Oncologist-approved cancer information from the American Society of Clinical Oncology
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Lung Cancer

This section has been reviewed and approved by the Cancer.Net Editorial Board, 6/2014
Risk Factors and Prevention

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ON THIS PAGE: You will find out more about the factors that increase the chance of developing this type of cancer. To see other pages, use the menu on the side of your screen.

A risk factor is anything that increases a person’s chance of developing cancer. Although risk factors often influence the development of cancer, most do not directly cause cancer. Some people with several risk factors never develop cancer, while others with no known risk factors do. However, knowing your risk factors and talking about them with your doctor may help you make more informed lifestyle and health care choices. Most lung cancer occurs in people who smoke or in those who have smoked in the past. However, people who don’t smoke can also develop lung cancer, so it is important for all people to learn about the risk factors and signs and symptoms of lung cancer.

The following factors may raise a person’s risk of developing lung cancer:

Tobacco. Tobacco smoke damages cells in the lungs, causing the cells to grow abnormally. The risk that smoking will lead to cancer is higher for people who smoke heavily and/or for a long time. Regular exposure to smoke from someone else’s cigarettes, cigars, or pipes can increase a person’s risk of lung cancer, even if that person does not smoke. This is called environmental or “secondhand” tobacco smoke.

Asbestos. These are hair-like crystals found in many types of rock and are often used as fireproof insulation in buildings. When asbestos fibers are inhaled, they can irritate the lungs. Many studies show that the combination of smoking and asbestos exposure is particularly dangerous. People who work with asbestos in a job such as shipbuilding, asbestos mining, insulation, or automotive brake repair and who smoke have a higher risk of developing lung cancer. Using protective breathing equipment reduces this risk.

Radon. This is an invisible, odorless gas naturally released by some soil and rocks. Exposure to radon has been associated with an increased risk of some types of cancer, including lung cancer. Most hardware stores have kits that test home radon levels, and basements can be ventilated to reduce radon exposure.

Prevention

Research continues to look into what factors cause lung cancer and what people can do to lower their personal risk. There is no proven way to completely prevent lung cancer, but there may be steps you can take to lower your risk. Talk with your doctor if you have concerns about your personal risk of developing lung cancer.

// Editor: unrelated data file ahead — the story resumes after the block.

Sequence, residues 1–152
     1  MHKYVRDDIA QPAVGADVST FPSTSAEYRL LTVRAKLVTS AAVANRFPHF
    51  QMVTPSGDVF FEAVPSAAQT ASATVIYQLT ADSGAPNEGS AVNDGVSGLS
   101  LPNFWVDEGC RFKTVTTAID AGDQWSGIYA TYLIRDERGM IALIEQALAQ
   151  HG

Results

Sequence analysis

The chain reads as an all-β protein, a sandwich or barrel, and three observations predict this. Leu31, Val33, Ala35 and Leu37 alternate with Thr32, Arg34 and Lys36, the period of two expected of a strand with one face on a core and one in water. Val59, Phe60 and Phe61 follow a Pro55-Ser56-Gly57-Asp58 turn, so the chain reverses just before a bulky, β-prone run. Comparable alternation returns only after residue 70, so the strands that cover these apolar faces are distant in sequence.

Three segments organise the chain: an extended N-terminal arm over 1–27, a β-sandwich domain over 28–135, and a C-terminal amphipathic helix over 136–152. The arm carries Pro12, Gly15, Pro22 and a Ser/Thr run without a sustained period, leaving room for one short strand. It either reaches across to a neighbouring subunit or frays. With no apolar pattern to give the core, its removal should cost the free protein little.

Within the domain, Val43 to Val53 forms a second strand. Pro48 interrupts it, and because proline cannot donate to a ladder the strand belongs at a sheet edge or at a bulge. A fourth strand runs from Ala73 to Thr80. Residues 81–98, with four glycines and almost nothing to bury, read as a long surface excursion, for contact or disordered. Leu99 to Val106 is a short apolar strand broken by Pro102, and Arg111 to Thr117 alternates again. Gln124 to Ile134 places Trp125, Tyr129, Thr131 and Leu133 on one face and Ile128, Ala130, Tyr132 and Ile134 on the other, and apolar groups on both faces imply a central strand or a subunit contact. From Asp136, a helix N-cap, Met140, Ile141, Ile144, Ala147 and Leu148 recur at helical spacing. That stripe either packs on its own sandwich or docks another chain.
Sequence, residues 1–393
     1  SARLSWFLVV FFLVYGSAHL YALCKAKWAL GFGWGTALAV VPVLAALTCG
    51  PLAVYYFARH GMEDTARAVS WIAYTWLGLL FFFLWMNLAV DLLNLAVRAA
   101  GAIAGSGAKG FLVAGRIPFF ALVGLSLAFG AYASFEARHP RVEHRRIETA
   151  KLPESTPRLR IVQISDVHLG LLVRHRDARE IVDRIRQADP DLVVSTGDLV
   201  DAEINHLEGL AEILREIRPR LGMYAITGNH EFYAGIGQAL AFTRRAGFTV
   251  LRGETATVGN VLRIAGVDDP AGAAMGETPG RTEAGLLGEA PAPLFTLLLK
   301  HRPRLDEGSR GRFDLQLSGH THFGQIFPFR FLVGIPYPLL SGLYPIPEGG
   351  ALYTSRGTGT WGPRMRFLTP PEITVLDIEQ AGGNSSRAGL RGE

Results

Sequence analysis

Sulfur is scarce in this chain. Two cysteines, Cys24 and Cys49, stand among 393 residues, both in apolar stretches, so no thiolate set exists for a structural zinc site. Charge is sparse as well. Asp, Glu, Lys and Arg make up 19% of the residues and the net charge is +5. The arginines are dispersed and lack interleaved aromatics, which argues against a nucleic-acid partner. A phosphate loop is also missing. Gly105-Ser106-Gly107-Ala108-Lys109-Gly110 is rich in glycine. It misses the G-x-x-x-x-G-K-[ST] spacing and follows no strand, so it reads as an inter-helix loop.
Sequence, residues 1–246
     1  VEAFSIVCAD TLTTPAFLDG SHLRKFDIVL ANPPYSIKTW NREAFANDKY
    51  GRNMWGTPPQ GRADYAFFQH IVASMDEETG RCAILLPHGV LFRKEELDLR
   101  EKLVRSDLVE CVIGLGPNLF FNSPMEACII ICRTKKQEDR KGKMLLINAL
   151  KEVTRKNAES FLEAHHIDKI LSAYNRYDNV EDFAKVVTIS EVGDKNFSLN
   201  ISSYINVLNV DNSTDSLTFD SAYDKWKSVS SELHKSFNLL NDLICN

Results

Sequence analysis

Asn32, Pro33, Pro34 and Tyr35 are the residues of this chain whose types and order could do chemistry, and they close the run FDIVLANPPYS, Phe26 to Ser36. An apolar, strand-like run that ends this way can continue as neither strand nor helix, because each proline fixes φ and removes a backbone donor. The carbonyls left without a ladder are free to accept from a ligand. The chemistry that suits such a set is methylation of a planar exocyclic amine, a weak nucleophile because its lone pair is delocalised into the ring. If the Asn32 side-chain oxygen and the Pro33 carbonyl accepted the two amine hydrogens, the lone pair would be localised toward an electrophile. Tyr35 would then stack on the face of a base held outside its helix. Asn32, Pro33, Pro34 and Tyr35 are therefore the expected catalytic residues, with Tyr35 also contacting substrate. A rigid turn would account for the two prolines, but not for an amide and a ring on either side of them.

The most important way to prevent lung cancer is to avoid tobacco smoke. People who never smoke have the lowest risk of lung cancer. People who smoke can reduce their risk of lung cancer by stopping smoking, but their risk of lung cancer will still be higher than people who never smoked. Attempts to prevent lung cancer with vitamins or other treatments have not worked. For instance, beta-carotene, a drug related to vitamin A, has been tested for the prevention of lung cancer. It did not reduce the risk of cancer. In people who continued to smoke, beta-carotene actually increased the risk of lung cancer.

Screening

Based on results from the National Lung Screening Trial, several groups, including ASCO, have developed recommendations for lung cancer screening with a test called a low-dose helical or spiral computed tomography (CT or CAT) scan. A CT scan creates a three-dimensional picture of the inside of the body with an x-ray machine. A computer then combines these images into a detailed, cross-sectional view that shows any abnormalities or tumors.

CT scanning is not recommended for every person who smokes. The current recommendations are discussed below.

The United States Preventive Services Task Force recommends that people age 55 to 80 who have smoked for 30 pack years or more or who have quit within the past 15 years receive screening for lung cancer with low-dose CT scans each year, and screening can stop after a person has not smoked for 15 years or develops a health problem that would shorten their life or prevent them from being able to have surgery for lung cancer. A pack year is equal to smoking 20 cigarettes (1 pack) a day each year, about 7,305 cigarettes per year.

ASCO recommends the following lung cancer screening schedules for people who currently smoke or who have quit smoking:

  • Yearly screening with a low-dose CT scan is recommended instead of screening with a chest x-ray or no screening for people age 55 to 74 who have smoked for 30 pack years or more or who have quit within the past 15 years.
  • CT screening is not recommended for people who have smoked for less than 30 pack years, are younger than 55 or older than 74, have quit smoking more than 15 years ago, or have a serious condition that could affect cancer treatment or shorten a person's life.

Learn more about ASCO’s recommendations for lung cancer screening in current or former smokers and information on lung cancer screening from the National Cancer Institute.

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© 2005-2014 American Society of Clinical Oncology (ASCO). All rights reserved worldwide.

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